What Happens The First Eight Weeks of Life Shapes Your Kitten’s Adult Personality

By Jennie K. Willis, PhD  as printed in the Coloradoan in April 2013

The grass is green, the air is getting warmer and for shelters and rescue groups that means one thing.  It’s kitten season. When adopting a kitten at eight weeks old, many owners think they are starting with a blank slate. However, many features of a kitten’s personality are formed before they go to their forever home. Understanding the important aspects of kitten development early on can help kittens grow into well socialized and stable adults.

Kittens are born with eyes closed and their hearing is poorly developed at birth.  In contrast, their sense of smell is functional on the first day to help locate mom and her milk.  From two to seven weeks of age is a critical time for kitten social development.  During this period they form relationships with mom, their littermates and human caregivers.  If they have not had adequate exposure to these situations, they become avoidant and fearful of new people and other cats.   Kittens bond strongly to their mother and being separated from her is very stressful.   If they are weaned early, the kittens don’t finish their oral development and may display unusual sucking behaviors later in comfort seeking situations.    It is important to leave kittens with their mother and littermates for at least eight weeks.

If you are caring for a litter of kittens you can do these things to help your kittens in later life:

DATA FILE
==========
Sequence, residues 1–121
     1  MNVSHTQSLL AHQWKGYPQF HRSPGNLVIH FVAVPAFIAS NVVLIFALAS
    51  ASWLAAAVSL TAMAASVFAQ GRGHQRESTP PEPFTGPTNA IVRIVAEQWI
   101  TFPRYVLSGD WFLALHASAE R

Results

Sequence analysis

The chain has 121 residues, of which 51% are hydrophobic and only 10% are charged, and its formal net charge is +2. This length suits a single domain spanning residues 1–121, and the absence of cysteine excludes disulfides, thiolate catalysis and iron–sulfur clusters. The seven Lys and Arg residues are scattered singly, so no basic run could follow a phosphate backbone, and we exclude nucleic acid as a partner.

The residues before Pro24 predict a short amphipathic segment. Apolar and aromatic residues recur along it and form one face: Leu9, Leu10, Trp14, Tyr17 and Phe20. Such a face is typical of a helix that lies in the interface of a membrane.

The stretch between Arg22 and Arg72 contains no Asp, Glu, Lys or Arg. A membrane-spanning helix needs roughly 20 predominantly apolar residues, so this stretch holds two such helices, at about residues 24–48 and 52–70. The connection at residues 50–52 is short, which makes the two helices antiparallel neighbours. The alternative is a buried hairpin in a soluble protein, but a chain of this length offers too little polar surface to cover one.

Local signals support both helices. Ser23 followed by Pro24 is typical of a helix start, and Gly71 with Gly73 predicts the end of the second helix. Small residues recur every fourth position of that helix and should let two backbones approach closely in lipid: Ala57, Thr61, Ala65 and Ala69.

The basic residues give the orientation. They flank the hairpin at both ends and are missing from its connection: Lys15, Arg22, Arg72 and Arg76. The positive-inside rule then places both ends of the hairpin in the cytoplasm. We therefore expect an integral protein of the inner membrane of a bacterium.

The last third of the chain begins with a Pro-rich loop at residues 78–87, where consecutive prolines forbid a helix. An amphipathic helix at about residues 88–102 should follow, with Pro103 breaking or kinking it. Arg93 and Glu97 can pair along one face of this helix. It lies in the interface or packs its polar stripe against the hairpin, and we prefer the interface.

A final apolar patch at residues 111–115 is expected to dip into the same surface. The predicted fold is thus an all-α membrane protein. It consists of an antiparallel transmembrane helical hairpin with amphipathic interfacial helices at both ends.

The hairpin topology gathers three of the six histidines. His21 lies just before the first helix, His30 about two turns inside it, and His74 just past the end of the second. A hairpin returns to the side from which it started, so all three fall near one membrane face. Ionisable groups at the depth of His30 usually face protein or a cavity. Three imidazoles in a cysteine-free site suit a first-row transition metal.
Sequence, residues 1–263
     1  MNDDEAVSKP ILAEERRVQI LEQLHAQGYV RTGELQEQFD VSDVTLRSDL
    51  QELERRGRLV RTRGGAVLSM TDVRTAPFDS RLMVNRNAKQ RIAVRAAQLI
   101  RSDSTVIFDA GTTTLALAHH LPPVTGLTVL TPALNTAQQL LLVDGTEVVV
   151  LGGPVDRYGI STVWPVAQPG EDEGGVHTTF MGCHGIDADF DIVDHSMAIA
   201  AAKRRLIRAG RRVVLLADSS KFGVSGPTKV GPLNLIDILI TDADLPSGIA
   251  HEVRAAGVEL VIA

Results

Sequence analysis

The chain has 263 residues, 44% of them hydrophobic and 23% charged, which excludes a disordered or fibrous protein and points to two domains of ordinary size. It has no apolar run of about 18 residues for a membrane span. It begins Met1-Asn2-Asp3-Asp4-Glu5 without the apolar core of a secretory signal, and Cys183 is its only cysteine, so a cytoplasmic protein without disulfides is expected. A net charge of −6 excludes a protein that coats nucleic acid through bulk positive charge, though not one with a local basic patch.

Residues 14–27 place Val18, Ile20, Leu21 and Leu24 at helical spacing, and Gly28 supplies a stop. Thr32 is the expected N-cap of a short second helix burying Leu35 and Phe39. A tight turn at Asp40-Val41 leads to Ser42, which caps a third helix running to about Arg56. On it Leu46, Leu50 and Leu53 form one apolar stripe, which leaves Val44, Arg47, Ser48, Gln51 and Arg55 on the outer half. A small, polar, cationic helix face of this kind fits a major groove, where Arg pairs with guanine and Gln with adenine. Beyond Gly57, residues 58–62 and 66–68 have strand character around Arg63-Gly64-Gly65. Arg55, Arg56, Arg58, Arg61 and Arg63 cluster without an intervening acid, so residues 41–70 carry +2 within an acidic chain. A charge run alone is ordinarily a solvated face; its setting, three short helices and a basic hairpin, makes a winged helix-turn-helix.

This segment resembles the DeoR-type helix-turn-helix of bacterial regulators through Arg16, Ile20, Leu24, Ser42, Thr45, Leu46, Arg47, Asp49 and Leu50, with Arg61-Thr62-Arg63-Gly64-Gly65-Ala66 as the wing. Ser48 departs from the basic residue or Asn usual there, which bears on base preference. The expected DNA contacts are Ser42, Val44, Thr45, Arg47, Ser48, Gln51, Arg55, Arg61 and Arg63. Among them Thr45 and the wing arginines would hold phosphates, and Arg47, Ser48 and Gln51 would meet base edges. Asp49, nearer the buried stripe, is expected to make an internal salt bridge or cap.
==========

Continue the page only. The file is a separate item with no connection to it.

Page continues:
• Feed a diet rich in omega fatty acids, especially DHA to a lactating mom and her kittens when they are ready.  This is important for brain growth and development and has been shown to improve learning ability in young animals.
  • Physically stimulate each kitten for a minimum of fifteen minutes a day starting as young as possible. Touch them all over their body, in between their toes, in their ears and mouth.   This will and improves their bond with humans and decreases reactivity and nervousness as adults.
  • Expose each kitten to different surfaces, sounds and temperatures.   Turn them over so they get used to being upside down and on their sides.  This creates more adaptable strategies for handling change later on and helps their overall brain development.
  • Feed orphan kittens from a bottle, not just for nutrients but for fulfillment of oral development and bonding with you.
  • Teach them how to learn.  Develop a bond with them through play and teach them a trick.

For a variety of reasons, kittens are presented to shelters at a very young age, often without their mother.    Since most are too young to stay at the in that environment, shelters need volunteers to open their homes and hearts to care for kittens in foster care.  If you love cats and have wanted to enjoy kittens without adopting another cat, call your local shelter and see if they need foster homes.  It’s a wonderful way to help save lives!

Dr. Jennie Willis is an instructor of animal behavior at Colorado State University and owns a private consulting business, which provides counseling for problem pets and their people. For more information about consultation, seminars and classes please visit www.AnimalBehaviorInsights.com


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